Figure 1: (a) - Diffuse illumination image of the right eye showing traumatic sphincter atropy at 5–-6'o clock position (white arrowhead) and traumatic mydriasis,. (b)- slit- lamp image showing shallow anterior chamber with variable depth with anteriorly subluxated lens,. (c)- gonio image showing completely occludable angles with anteriorly subluxated lens,. (d)- ultrasound biomicroscopyUBM image anterior lens subluxation involving the inferior 4–-6 clock hours with associated zonular damageand iridolenticular contact (white arrow showing the areas of zonular damage) with impending pupillary block

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Ocular lens dislocation occurs most commonly due to trauma. Approximately 30% of serious eye injuries involve damage to the lens.[1] Blunt trauma compresses the eye in the anterior-posterior direction causing expansion of the eye laterally, superior, and inferiorly, stretching the zonules which hold the lens. Symptoms of lens dislocation include reduced visual acuity, poor near and distant vision, and monocular diplopia. Lens subluxation into the AC may lead to corneal edema, pupillary block glaucoma, or anterior uveitis.[1],[2]

Subtle subluxation of the lens is sometimes missed on routine examination when there is no obvious phacodonesis seen and may often cause intraoperative surprises during routine cataract surgery. Ocular imaging with anterior segment optical coherence tomography and UBM may help in early identification and also in planning the appropriate surgery. Extent of zonular laxity and anterior lens subluxation was assessed by UBM (4Sight Accutome by Keeler Plus, USA) in our patient. The high-resolution mode was used for detailed analysis, and gain was adjusted to obtain artifact-free images. Inbuilt tools such as calipers and A-scan mode were applied for further image analysis. A thorough evaluation of the lens position on axial sections was performed, and the presence of zonular tears and/or zonular stretching was noted.

While phacoemulsification and use of capsular support devices may be sufficient for partial subluxation, vitreoretinal surgery in the form of pars plana vitrectomy is necessary in cases of complete dislocation. Scleral or iris fixated IOLs may be a primary surgical option or as a secondary procedure depending on the complexity of the case.[3] Refractory glaucoma, persistent uveitis, or corneal damage is indications for urgent or emergent intervention.[4]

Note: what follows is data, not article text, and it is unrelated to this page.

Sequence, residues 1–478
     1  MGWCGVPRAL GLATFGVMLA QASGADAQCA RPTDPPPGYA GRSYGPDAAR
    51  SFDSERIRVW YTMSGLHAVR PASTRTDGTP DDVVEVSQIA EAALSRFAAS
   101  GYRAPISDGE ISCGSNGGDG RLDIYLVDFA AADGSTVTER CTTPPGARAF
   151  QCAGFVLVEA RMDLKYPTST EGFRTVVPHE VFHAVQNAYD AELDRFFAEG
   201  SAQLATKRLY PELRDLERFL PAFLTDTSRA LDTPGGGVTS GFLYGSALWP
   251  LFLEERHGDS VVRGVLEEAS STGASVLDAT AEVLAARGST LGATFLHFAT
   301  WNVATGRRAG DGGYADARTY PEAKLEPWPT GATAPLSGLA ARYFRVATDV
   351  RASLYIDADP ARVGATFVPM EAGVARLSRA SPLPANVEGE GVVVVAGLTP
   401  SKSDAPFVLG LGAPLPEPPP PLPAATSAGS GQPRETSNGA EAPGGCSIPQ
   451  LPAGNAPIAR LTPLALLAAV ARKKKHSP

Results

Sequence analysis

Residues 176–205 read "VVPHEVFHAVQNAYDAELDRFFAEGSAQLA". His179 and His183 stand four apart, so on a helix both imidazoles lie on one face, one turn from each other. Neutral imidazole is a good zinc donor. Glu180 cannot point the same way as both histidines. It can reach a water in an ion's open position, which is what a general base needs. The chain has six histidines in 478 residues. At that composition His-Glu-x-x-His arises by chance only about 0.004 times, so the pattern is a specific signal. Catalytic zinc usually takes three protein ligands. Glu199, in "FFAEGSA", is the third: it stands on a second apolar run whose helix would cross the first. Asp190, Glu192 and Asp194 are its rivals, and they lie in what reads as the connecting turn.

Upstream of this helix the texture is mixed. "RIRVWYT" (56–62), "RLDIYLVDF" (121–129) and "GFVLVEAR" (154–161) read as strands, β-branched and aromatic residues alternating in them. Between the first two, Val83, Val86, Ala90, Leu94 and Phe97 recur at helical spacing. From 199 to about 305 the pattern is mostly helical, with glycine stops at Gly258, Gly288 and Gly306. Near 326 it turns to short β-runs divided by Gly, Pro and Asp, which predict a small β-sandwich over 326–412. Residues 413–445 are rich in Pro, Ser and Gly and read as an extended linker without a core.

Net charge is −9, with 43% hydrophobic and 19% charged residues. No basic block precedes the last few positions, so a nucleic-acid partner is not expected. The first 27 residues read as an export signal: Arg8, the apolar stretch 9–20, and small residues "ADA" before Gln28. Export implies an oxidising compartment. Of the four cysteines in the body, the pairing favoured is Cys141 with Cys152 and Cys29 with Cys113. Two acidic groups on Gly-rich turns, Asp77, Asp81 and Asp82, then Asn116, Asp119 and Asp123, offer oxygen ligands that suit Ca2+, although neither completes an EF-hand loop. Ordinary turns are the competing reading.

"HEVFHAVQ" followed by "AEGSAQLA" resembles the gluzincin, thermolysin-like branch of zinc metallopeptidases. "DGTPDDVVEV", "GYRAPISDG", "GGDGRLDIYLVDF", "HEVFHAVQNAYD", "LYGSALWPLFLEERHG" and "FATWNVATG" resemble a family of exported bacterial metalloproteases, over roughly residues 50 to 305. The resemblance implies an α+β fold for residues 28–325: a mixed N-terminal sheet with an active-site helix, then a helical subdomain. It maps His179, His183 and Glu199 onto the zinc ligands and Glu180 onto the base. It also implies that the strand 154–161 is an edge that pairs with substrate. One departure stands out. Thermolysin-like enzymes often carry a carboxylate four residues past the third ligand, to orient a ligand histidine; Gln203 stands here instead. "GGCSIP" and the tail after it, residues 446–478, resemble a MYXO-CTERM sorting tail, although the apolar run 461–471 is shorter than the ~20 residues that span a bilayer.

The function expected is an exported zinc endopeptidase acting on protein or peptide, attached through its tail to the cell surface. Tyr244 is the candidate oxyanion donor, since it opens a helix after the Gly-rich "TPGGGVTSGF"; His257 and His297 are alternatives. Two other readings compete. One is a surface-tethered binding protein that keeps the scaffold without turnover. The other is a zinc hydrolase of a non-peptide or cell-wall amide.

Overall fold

We present this case to highlight the plausibility of a trivial injury increasing the risk of lens subluxation ultimately leading to a vision-threatening pupillary block. Meticulous clinical examination with gonioscope and UBM is helpful in early identification of subtle signs of subluxation and prompt management to avoid needless blindness.

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Conflicts of interest

There are no conflicts of interest.

  References Top

Inatani M, Tanihara H, Honjo M, Kido N, Honda Y. Secondary glaucoma associated with crystalline lens subluxation. J Cataract Refract Surg 2000;26:1533-6.  Back to cited text no. 1
Kawashima M, Kawakita T, Shimazaki J. Complete spontaneous crystalline lens dislocation into the anterior chamber with severe corneal endothelial cell loss. Cornea 2007;26:487-9.  Back to cited text no. 2
Choi DY, Kim JG, Song BJ. Surgical management of crystalline lens dislocation into the anterior chamber with corneal touch and secondary glaucoma. J Cataract Refract Surg 2004;30:718-21.  Back to cited text no. 3
Salehi-Had H, Turalba A. Management of traumatic crystalline lens subluxation and dislocation. Int Ophthalmol Clin 2010;50:167-79.  Back to cited text no. 4